Scholars program will benefit high-achieving undergraduates with a passion for STEM.
In a moment when preserving and expanding affordability and access are pressing concerns for colleges and universities everywhere, former IBM CEO Louis V. Gerstner '63 has established a scholarship program at Dartmouth that will benefit high-achieving, low-income students with a demonstrated interest in science, technology, engineering, and math (STEM) fields.
The Louis V. Gerstner Jr. Scholars program, made possible by a $4.8 million gift, will support four undergraduates in each of the next four incoming classes, building to a full cohort of 16. The first four Louis V. Gerstner Jr. Scholars will be named this spring.
Gerstner, a long-time advocate for education reform at the K-12 level, created the program in part because of growing economic inequality in America and the need for leaders from diverse socioeconomic backgrounds in STEM fields.
"Too many hard-working, talented teenagers do not make it to the best colleges and universities," he says. The new scholarship program will help Dartmouth attract students who are the first in their families to attend college and offer them the opportunity to receive a distinctive liberal arts education.
Gerstner says he established the program for students with a passion in a STEM discipline because scientific knowledge provides a core competence that will benefit professionals entering most fields, but he emphasized that these students would reap far-ranging benefits beyond their major.
"When these talented scholars arrive at Dartmouth, they'll have double riches waiting for them," he says. "They'll have the opportunity to explore STEM subjects in a liberal arts environment and enhance their abilities in areas such as deep thinking, communications, historical understanding, and writing. You can't find a better education."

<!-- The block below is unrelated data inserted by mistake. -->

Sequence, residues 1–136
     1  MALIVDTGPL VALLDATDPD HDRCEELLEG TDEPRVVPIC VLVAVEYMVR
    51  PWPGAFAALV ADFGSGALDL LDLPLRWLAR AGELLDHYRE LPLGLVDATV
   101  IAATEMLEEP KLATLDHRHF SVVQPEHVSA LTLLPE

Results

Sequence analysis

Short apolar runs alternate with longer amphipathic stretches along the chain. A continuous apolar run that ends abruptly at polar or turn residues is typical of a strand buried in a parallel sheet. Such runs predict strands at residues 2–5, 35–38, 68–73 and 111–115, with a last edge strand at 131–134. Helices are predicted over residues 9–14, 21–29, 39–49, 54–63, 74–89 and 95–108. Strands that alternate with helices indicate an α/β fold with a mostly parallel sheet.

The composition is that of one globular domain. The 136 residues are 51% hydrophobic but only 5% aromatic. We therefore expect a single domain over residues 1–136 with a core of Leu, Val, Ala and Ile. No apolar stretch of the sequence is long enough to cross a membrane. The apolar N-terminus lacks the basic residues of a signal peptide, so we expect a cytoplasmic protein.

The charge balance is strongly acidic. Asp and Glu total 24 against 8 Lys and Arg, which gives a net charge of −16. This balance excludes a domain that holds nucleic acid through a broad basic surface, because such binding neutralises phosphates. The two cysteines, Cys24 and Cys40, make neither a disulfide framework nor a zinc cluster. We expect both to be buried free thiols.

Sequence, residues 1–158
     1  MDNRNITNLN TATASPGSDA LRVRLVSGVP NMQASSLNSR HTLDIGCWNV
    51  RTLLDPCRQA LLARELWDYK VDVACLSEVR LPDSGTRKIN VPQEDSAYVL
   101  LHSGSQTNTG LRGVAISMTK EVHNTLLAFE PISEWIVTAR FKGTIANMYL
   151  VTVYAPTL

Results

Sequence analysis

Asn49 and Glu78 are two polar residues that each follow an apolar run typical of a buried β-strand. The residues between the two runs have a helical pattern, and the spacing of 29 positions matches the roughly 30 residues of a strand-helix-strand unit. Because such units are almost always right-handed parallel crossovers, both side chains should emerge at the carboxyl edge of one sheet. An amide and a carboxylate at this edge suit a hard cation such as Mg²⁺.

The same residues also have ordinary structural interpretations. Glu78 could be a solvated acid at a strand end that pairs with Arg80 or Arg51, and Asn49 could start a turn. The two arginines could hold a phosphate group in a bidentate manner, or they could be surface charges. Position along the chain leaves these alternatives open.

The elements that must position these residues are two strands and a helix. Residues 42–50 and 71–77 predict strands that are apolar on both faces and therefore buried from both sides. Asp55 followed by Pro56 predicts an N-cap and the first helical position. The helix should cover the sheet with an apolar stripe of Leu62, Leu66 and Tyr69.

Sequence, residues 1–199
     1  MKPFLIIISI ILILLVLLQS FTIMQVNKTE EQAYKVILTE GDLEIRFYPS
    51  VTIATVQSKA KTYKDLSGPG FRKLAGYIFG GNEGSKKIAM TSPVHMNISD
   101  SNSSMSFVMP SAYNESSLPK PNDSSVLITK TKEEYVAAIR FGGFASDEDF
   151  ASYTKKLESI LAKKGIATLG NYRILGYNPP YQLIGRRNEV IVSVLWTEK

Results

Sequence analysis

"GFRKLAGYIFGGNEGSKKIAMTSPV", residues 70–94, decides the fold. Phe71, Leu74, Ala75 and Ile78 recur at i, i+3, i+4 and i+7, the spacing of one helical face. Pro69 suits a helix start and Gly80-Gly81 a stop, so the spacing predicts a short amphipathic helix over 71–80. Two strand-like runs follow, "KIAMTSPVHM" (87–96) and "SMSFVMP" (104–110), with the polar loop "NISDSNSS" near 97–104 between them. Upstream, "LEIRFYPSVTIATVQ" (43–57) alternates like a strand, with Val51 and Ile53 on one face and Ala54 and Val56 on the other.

President Philip J. Hanlon '77 thanked Gerstner for believing in the potential of the students who will be named Louis V. Gerstner Jr. Scholars. "All minds must be brought to bear on the global challenges of tomorrow and our young people offer great hope to that end. We know talent is equally distributed among young people across all income levels. However, the social inequities that influence educational opportunity are steeper than ever," says President Hanlon. "Lou Gerstner exemplifies not only the kind of leader that a Dartmouth education can produce but also our finest human values in creating opportunity. We are honored by his intentions to do this at Dartmouth for a new generation."
Gerstner says the scholars' path to Dartmouth may be similar to his own experience as a first-generation college student from a Long Island family of modest economic means. A chance encounter with an alumnus led him to Dartmouth. The alumnus mailed a Dartmouth application to Gerstner after their brief meeting; Gerstner completed and mailed the application, and then forgot about it. He had accepted admission to another university when he received a letter from Dartmouth offering a superior financial aid package, more than twice what the other school had offered.
"Both my mother and father worked every day, and they remortgaged their house multiple times so my three brothers and I could attend college. When Dartmouth offered me this financial aid, there was no question that I had to take it," he says. "My story illustrates that there are highly motivated people out there. Colleges need to find them and attract them. My path to Dartmouth led me to do something that reflects not only my passion about the problem of inequality but also my own experience."
Gerstner majored in engineering, graduating magna cum laude and Phi Beta Kappa, and says he treasured his exposure to courses across the arts and sciences.
"I would tell the scholars supported by this program that Dartmouth offers a unique opportunity to explore, understand, and increase your knowledge of math, science, engineering, including the unfolding wonder of biology in our new world of genomics—and at the same time broaden your knowledge of the liberal arts," he says. "I loved my courses in psychology, French, and music, even though I can't sing a note."
After Dartmouth, Gerstner earned an MBA at Harvard Business School, graduating as a Baker Scholar. He began his career at McKinsey and was soon named the youngest principal in the company's history. After serving as a senior executive at American Express and CEO of RJR Nabisco, he became chief executive of IBM in 1993 and received international recognition for transforming the company over the following decade.
In recognition of his efforts on behalf of public education, as well as his business accomplishments, Gerstner was awarded the designation of honorary Knight of the British Empire by Queen Elizabeth II in 2011. Dartmouth awarded an honorary degree to him in 2013.